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The 14-year-old refugee journalist

24 October 2023, Impact of Our Work

A big dream undeterred by hardship

The world’s people need to know all about us. Because we are refugees … And if the international community won’t be there for us ... We have no other option to survive. We have to die. We have to die in this camp. That’s why we need news reporter(s).


A scary arrival

When Tomal* arrived at Cox’s Bazar refugee camp, he remembers feeling afraid of the elephants and the huge jungle surrounding the camp. He had fled Myanmar with his parents, siblings, and grandparents. The family arrived at the camp not having eaten anything for days, with only the clothes they were wearing and leaving all of their belongings behind. His uncle had travelled to the camp before the rest of the family and had built a small house for Tomal’s family to live in when they first came to the camp.

These days Tomal lives with his grandparents as he thinks the education quality in their part of the camp is better than in the area where his parents live. For Tomal, education is vitally important. Both of his uncles went to university and had achieved degrees. The teenager has big dreams of focusing on his education and one day becoming a journalist. But he realises that living in the camp and continuing his education is going to be incredibly difficult.

Tomal plays a game with his friends in the Child Friendly Space.

The moment that changed Tomal’s life

In his early days in the camp, Tomal was struggling to find things to do and was often resorting to just playing in the dirt. One day on the suggestion of a friend, Tomal decided to check out the Child Friendly Space run by Save the Children and was excited to discover he could finally access educational resources again. The 14-year-old was so hungry for knowledge that he started to devour as much reading as he could wherever he could find it. Discovering the Save the Children Child Friendly Space made a huge difference in Tomal’s new life. Child Friendly Spaces are possible because of the immense support of Save the Children donors.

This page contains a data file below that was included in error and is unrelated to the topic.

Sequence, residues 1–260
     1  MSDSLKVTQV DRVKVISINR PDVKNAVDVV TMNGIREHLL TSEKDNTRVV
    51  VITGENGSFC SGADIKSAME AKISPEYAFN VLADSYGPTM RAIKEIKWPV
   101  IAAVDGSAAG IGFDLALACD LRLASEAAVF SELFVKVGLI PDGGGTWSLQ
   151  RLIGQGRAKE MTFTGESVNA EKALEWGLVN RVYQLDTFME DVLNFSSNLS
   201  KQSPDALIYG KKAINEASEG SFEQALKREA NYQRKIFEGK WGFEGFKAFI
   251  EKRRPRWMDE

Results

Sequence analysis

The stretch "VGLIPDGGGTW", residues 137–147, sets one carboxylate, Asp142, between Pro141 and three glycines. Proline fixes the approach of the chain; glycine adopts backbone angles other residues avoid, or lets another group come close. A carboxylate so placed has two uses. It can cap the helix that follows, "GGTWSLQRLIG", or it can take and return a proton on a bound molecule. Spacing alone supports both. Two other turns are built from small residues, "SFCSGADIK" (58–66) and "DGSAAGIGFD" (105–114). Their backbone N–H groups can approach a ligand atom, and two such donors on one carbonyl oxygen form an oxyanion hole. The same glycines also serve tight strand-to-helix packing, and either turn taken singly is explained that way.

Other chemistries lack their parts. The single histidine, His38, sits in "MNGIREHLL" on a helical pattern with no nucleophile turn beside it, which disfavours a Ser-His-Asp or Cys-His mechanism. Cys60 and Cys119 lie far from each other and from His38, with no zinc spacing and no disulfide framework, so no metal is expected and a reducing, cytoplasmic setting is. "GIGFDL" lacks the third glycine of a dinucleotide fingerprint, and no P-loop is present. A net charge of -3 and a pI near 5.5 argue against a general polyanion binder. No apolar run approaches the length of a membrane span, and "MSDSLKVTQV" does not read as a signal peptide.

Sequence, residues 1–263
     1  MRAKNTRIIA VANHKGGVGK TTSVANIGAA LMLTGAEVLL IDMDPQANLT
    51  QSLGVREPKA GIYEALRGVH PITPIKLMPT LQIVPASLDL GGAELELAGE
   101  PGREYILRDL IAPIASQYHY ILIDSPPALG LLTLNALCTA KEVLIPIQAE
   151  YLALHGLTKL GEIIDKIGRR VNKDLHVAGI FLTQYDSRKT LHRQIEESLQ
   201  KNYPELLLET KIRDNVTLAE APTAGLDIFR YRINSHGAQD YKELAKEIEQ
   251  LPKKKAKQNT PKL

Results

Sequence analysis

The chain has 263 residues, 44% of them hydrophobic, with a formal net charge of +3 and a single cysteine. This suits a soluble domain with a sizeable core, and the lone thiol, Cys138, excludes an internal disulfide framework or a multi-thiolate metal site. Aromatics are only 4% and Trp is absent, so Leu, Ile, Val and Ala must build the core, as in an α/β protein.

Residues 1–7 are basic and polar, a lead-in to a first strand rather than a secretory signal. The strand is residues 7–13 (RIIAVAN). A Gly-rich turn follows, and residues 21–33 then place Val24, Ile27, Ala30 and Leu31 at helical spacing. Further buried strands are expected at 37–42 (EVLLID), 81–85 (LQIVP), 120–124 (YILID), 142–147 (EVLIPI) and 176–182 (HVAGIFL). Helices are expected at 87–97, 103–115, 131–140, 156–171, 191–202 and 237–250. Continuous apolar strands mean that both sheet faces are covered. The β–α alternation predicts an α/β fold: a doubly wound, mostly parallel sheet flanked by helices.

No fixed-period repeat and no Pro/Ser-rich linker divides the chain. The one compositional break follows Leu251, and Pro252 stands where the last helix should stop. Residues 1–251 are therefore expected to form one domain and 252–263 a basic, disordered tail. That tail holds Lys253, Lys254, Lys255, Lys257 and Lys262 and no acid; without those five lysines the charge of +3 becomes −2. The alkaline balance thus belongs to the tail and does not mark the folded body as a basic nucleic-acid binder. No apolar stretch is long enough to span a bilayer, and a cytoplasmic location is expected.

Tomal diligently reads whatever he can find. He trawls through newspaper clippings and copies out the words including those in English. It has been through reading these pieces that Tomal has learned about what is happening in the camp including children being kidnapped, the continuing situation in Tomal’s homeland, and events occurring around the world. Through the Child Friendly Space Tomal has learned about child rights, child marriage, as well as learning life skills. But such is Tomal’s hunger to learn and be successful that he longs for more.

“Children of my age must have some knowledge and idea to improve the society. If they have so, it will improve more. Beside that if children can get an education, society will be better. The more they will receive education the more improved the society will be.”  says Tomal.

The truth about life in the camp

Children like Tomar have access to some forms of education services but these are extremely limited in the Cox’s Bazar camps. Currently there are learning centers being run by NGOs like Save the Children providing a Myanmar Curriculum which matches what the students would have been learning in their home country. But a lack of resources, including qualified teachers, means that the options are limited.

Tomal reads newspapers at his shelter.

Tomal’s hopes for his life

For Tomal nothing will squash his determination and ambitions. He remains optimistic about his future and is not deterred by the seemingly overwhelming obstacles limiting his education and future prospects. Tomal refuses to be deterred and has big dreams for his life.

“I want my life to be beautiful. If you ask me why and how: Education is needed to be a news reporter. To become an Engineer education is needed as well. Like that to become a speaker education is needed. To become a professor education is needed. Education is needed for different reasons. I want to become a news reporter when I grow up. It is needed for us and … society.”

*Name have been changed to protect identity.

Photos: Allison Joyce/Save the Children.

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